The effectiveness of private tutoring: students’ perceptions in comparison with mainstream schooling in Hong Kong
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This paper examines Hong Kong students’ perceptions on the effectiveness of private supplementary tutoring relative to mainstream schooling. Drawing on survey and interview data, it shows that large proportions of secondary school students receive private tutoring. Students generally perceive private tutoring and private tutors to be more effective in the provision of examination support compared with mainstream schooling and teachers. However, perceptions vary according to students’ self-reported academic levels and motives for taking private tutoring. The operations of the parallel sector of private tutoring have significant implications for the nature of schooling and therefore need to be considered by teachers and school administrators. The Hong Kong data contribute to the international analysis of private tutoring and add a significant component to the wider conceptual literature.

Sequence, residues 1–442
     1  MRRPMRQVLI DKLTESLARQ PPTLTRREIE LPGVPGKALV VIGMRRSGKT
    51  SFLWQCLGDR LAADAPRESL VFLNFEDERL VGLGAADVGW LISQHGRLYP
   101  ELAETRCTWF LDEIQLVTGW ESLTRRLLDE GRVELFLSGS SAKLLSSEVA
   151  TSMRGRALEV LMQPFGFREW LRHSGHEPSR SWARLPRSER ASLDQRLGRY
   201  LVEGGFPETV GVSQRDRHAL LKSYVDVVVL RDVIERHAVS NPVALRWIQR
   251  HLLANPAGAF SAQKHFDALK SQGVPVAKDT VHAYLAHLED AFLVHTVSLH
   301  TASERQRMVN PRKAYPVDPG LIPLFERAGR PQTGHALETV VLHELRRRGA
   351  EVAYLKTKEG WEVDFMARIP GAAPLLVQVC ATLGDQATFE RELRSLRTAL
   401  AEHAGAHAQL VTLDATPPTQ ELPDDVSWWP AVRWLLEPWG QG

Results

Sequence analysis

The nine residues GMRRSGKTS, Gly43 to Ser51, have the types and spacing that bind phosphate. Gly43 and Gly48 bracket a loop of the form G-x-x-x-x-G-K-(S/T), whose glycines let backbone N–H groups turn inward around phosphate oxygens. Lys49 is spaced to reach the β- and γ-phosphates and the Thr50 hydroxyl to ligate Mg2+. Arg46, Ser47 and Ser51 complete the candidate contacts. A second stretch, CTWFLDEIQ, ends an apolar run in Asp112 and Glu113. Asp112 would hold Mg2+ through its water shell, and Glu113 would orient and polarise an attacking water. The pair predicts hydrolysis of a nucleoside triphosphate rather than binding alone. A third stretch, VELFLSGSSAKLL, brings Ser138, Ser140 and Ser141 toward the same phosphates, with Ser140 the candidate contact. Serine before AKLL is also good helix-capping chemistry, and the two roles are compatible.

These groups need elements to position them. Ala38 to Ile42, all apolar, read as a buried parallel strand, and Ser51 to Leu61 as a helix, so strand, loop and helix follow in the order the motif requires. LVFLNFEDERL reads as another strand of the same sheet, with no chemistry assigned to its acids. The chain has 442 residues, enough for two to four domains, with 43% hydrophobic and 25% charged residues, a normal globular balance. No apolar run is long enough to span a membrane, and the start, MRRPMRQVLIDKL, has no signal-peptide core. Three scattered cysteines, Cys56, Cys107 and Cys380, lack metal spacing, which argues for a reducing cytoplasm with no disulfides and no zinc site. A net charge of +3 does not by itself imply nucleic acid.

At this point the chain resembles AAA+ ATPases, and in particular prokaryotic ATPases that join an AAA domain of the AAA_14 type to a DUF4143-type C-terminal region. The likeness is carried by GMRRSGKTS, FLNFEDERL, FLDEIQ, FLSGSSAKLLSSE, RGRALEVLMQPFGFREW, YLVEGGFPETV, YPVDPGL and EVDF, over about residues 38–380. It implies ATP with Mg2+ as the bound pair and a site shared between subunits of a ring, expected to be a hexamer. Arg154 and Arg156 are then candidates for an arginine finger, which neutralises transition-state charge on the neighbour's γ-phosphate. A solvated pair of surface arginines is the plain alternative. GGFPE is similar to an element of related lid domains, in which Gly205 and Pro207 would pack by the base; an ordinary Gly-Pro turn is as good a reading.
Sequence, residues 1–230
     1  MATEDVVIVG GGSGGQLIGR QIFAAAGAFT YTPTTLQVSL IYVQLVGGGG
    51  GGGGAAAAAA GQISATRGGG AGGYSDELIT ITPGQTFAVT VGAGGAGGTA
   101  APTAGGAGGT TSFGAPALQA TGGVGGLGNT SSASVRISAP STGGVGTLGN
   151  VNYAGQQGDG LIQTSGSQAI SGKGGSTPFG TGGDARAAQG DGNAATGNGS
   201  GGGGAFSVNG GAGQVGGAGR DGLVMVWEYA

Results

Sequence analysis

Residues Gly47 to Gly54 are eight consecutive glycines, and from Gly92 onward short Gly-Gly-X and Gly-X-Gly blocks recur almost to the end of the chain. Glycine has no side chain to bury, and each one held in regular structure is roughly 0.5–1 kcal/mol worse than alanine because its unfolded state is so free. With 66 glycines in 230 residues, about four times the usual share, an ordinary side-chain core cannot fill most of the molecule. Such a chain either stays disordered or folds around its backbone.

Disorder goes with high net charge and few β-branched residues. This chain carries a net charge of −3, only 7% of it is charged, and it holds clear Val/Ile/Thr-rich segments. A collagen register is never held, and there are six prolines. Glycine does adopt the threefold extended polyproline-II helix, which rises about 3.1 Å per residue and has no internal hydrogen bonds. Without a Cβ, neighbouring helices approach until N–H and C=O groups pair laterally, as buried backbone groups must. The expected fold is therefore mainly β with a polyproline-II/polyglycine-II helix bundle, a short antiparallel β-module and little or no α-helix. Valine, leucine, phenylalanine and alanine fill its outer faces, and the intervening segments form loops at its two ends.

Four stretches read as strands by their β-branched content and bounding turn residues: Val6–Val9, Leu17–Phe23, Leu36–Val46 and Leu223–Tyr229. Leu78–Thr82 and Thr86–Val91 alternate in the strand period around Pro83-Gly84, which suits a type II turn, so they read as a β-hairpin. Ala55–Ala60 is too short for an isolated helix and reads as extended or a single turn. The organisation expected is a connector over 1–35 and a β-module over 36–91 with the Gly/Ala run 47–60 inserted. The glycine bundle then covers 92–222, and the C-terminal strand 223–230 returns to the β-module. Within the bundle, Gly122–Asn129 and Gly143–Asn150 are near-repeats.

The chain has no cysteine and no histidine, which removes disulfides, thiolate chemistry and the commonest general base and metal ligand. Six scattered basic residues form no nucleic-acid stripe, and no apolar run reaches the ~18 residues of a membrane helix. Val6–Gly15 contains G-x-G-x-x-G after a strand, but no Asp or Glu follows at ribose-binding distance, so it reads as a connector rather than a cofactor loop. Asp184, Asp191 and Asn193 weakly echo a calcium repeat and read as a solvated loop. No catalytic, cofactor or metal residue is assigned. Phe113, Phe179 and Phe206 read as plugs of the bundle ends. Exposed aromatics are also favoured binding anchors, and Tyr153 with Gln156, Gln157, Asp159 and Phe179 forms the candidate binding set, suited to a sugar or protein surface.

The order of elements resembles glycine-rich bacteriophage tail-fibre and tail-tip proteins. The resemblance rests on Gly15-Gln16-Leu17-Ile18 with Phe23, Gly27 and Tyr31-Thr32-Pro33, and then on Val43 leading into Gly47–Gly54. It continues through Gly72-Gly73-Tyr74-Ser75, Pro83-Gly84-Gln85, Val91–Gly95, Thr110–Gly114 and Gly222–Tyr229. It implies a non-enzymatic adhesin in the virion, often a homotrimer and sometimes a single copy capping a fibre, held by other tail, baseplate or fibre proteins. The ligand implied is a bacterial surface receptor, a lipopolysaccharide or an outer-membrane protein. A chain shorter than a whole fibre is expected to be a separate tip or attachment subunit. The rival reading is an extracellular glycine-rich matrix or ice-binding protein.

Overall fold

KeywordsPrivate tutoring Shadow education Perceived effectiveness Examinations
The research reported in this paper was funded by the General Research Fund (GRF) of the Hong Kong Research Grants Council (RGC), Project 741111. The authors also acknowledge inputs from Emily Mang and Nutsa Kobakhidze.
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